Robbo’s Running Reviews — Under Armour SpeedForm® Velociti Running Shoe


I was recently contacted by a representative of parkrun Australia asking if I’d be interested in testing and reviewing a pair of running shoes from Under Armour. Here’s what I came up with.

*To provide some context, I am in the VM35–39 category, weigh ~80kg, have been a runner for over 10 years (completed >200 parkruns), adopt a fairly flat, mid-forefoot landing, with a current fastest parkrun time or around 17:30. Majority of running performed in lighter, flatter shoes and occasionally barefoot.

*The shoes in this review were provided directly via Under Armour.


The pair of shoes I was sent are called ‘SpeedForm® Velociti’, and come in a stylish ‘Rhino Grey’ colour. I previously had limited knowledge of the Under Armour (UA) range of running shoes so was interested to see what they’d come up with.

A quick look at the UA range indicated the pair I’d been sent were their lighter, more minimal model, more suited to the type of shoe I usually run in, just a touch heavier and more of a Heel-Toe offset.

SpeedForm® Velociti Specs:
Weight 227g | Heel-Toe Offset 8% | Size US11.5



The shoes definitely look pretty smart with the textured, knitted upper which comes in a sophisticated ‘Rhino Grey’ colour (I love how creative running shoe companies get when describing colour ways). I actually reckon you could get away with wearing these shoes into the office or even out for dinner?!

Getting the Rhinos air borne!


As an occasional sock wearer, I first tried the shoes sans socks and the fit was snug but not restrictive. The only small issue I had on my first run was the outside section of the L shoe rubbing the skin just under my ankle. This problem would be later fixed by wearing a light pair of socks.

I have a wider foot and one of my pet hates is the feeling of a squashed foot and toes. The toe box on this shoe is broad enough to accomodate my foot but I wouldn’t mind even a touch more space.

The part of the shoe where the heel sits hugs the back of the foot securely without feeling too tight.


My first run in the shoes was a gentle warm up before a harder intervals session on mixed terrain (concrete, path, grass), followed by an easy warm down. The shoes felt comfortable straight away and took very little time to get used to, over speeds between 5:30/km and 3:30/km.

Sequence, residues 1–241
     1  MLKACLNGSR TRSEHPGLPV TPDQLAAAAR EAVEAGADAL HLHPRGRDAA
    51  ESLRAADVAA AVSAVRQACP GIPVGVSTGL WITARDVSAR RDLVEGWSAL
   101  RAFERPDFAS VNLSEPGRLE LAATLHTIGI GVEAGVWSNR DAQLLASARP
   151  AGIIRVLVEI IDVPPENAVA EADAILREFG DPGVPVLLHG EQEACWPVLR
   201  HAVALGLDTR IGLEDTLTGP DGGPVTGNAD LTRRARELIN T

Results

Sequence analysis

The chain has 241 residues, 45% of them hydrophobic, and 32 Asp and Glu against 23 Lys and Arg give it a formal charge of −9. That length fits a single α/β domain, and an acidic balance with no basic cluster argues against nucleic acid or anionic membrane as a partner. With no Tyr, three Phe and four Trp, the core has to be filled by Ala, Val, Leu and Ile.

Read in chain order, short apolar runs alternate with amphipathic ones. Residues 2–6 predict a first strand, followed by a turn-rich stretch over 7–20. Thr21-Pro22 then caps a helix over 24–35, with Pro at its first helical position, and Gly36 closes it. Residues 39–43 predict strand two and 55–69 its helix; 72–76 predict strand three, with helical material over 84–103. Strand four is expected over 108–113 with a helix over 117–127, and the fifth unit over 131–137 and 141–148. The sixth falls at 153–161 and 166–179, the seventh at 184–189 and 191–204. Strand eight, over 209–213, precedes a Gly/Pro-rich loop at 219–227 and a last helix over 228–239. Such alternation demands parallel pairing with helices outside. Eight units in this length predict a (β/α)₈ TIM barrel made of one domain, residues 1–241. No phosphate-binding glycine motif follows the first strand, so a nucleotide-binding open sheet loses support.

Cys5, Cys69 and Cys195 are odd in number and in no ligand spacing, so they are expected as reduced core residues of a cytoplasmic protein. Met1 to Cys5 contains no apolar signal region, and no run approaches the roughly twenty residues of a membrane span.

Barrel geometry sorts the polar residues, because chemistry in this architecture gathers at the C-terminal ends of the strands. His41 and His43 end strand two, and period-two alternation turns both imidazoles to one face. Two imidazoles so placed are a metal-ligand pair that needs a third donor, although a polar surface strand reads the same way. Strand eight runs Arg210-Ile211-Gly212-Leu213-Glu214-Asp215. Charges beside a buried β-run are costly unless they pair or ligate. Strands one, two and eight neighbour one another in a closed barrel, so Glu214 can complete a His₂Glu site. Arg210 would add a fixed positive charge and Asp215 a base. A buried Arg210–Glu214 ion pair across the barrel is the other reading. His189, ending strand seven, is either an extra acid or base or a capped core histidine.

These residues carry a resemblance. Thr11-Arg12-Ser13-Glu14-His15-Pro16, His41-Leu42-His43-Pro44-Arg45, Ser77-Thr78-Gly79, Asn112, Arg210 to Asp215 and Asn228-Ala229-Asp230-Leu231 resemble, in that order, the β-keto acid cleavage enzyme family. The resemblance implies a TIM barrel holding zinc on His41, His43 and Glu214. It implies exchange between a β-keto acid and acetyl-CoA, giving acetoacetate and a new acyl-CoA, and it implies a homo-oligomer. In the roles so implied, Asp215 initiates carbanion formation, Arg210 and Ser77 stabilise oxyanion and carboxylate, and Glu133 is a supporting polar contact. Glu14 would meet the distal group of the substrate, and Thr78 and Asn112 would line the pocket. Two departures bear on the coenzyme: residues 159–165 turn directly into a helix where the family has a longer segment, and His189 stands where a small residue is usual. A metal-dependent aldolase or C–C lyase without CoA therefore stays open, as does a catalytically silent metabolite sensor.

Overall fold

There was no problems using the shoes for a 5K parkrun effort closer to Marathon Pace (4:11/km), again feeling comfortable during the journey and responsive to faster paces.

An easier run of 5:00/km and 5:30/km pace saw the shoes again work pretty well. I was aware of there being a bit more weight in these shoes than others I’m used to. I’d be excited to see if future models could be even further stripped back.

Cruising the beaches at ~5:00/km pace

To provide an example of the type of runs and terrains I tested the shoes over, here’s a selection of 3 varied Strava Activities:


At the time of writing this review I have now run ~50km in these shoes with the longest run getting out to 10km. I would have no issue running longer distances in these shoes based on how I’ve responded to them and given I am used to running in lighter, less structured shoes.

However I also think this shoe is a good option for a wider range of runners, spanning the entire finishing times at most parkrun (5K) events (from sub 20mins to >45mins). I am a fan of the shoe being lighter, and having a moderate degree of Heel-Toe offset. For the runner not wanting or needing much guidance/interference in their running shoe I think its a good option. I think it would also serve as a good transition shoe for someone wanting to try something lighter and less structured.


I think the SpeedForm® Velociti is a good option as a lighter running shoe which would suit the form and ability of a large range of runners (and parkrunners!)